China’s domestic security forces are three-metres strong. But they are facing one of the biggest purges in recent history. It has been incoming as Xi Jinping is increasingly cracking down on officials who are corrupt or deemed ‘insufficiently loyal’ to the party and its leader. Jinping is coming down hard and fast on the dissenters. After ridding Jack Ma of his influence majorly due to his close ties with Jiang Zemin and CCP’s rebellious Shanghai faction, Jinping is consolidating control by systematically purging those who do not have sufficient loyalty not just towards the CCP but towards Xi himself as he feels threatened that his power might be waning.
On February 27, the Communist Party announced the launch of a long-awaited purge of its ranks. It will entail “turning the knife-blade inward” to gouge out anyone considered corrupt or insufficiently loyal to the party and its leader, Xi Jinping. After more than eight years of Xi’s dictatorial rule, the party appears to be questioning whether a key pillar of its power is fully trustworthy.
The Chinese state-controlled media has termed it as an action reminiscent of the period of the early 1940s. To consolidate his power, Mao staged a sweeping and ruthless purge of the party’s ranks. The party tried to clear the “dense miasma” covering the security apparatus, cure it of “chronic illness,” and keep it a “surnamed Party,” as many heads were severed.
It is surprising that such a campaign is considered reasonable. Xi took over as China’s leader in 2012 and immediately launched the country’s biggest anti-corruption campaign in decades. Hundreds of thousands of officials, including prominent people with security backgrounds, were sentenced to prison.
In recent months, the party’s anti-corruption body has arrested many high-ranking security officials. The sacking of Gong Doan, the former Shanghai police chief and one of the city’s deputy mayors, was the most famous among them. At the beginning of 2020, he became the third police officer with a rank equal to that of a vice-minister to be investigated. Gong’s job was taken away from him the next month.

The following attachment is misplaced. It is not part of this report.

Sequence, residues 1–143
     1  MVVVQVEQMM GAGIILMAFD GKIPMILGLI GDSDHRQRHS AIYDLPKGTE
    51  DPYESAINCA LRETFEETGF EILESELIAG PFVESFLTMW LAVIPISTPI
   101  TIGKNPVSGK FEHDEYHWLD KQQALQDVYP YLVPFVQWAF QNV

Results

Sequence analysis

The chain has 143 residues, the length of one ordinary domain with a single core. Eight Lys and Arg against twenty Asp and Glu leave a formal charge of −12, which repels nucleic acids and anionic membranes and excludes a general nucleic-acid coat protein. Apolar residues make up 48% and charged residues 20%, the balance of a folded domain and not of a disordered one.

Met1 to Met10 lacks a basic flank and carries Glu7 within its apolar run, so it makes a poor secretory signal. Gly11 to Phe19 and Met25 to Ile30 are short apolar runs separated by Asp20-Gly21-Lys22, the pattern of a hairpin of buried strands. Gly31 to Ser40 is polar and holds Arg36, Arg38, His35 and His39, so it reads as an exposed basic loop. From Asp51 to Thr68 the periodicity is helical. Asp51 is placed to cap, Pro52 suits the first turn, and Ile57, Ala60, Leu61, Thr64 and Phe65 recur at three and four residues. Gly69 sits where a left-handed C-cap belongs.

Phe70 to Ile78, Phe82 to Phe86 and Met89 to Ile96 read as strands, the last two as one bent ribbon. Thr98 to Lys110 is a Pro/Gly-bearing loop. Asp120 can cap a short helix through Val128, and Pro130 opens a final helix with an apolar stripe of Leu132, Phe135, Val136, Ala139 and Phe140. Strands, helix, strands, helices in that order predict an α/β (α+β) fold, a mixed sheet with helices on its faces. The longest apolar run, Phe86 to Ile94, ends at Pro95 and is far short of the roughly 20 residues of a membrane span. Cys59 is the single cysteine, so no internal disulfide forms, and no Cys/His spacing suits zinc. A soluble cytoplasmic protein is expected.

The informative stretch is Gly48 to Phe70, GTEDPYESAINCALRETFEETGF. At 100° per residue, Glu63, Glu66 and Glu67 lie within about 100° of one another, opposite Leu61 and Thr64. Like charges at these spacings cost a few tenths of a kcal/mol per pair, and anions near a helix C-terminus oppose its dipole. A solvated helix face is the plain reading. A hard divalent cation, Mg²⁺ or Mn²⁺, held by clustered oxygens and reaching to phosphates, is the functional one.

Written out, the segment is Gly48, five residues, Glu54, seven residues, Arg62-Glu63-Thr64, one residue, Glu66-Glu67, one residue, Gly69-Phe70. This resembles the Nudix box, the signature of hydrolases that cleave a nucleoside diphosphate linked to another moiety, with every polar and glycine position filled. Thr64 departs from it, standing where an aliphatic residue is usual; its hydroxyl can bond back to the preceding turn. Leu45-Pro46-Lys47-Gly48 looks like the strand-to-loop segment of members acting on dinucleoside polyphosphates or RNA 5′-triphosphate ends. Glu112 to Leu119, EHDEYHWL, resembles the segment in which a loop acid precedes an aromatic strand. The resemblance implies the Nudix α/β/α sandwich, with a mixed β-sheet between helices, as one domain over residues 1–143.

On March 1, the Chinese government revealed that he had been arrested on charges of power abuse, corruption and a failure to adhere to party lines and that his case had been referred to prosecutors.
During the forthcoming purge, such allegations would almost certainly be levelled at more police chiefs. According to an official report from a meeting of party bosses that kicked off the nationwide campaign, security agency allegiance “directly affects the party’s place at the helm of state and the continuation of political unity.”
But Xi’s purge of the security forces is not just aimed at those who do not adhere to party lines. He has been cracking down on dissenters and opposition especially those who were becoming too big for the party, cue Jack Ma.
Alibaba Chief Jack Ma owes his success in totality to former Chinese President Jiang Zemin, who, under the ‘Three Represents’ principle allowed the private sector to hop on the driving seat and play a crucial role in the rise of China. It was under Zemin’s rule that Jack Ma made it to the Chinese Communist Party ranks, a development whose mere thought before Jiang Zemin’s presidentship would have been considered sacrilegious.
Since Jack Ma’s infamous speech criticising the CCP’s grip on the market, Xi Jinping has brought the hammer down on him and the Ant Group. The ordeal led to Jack Ma’s disappearance and ultimately a big chunk of his wealth dissolved into thin air and he no longer remains the richest man in China.
Jack Ma owes his success to former President Jiang Zemin and his foul mouthing of CCP policies underlined where his loyalties lie making him the biggest target for Xi Jinping to quell any opposition to his leadership.
Xi Jinping is consolidating power. His feud with Jack Ma and now the massive purge underlines that Xi is threatened that he might lose control of the CCP chairmanship and thus needs to quell any opposition.
Jinping has been putting down a simmering rebellion within the CCP, led by Jiang Zemin and his family. Jack Ma’s downfall was precipitated by his proximity to Jiang’s family and his notorious outburst against the CCP.
The purge will once again underline Jinping’s rule with an iron fist as he hounds the domestic security forces for their commitment not just to the party but to Xi himself. Any failure to do so will result in disciplinary action and dissenters will be charged under Chinese law. With Jinping’s Mao-era reforms to consolidate power, China will again witness several heads severed as the Chinese President aims to quell opposition and dissent however low it might just be.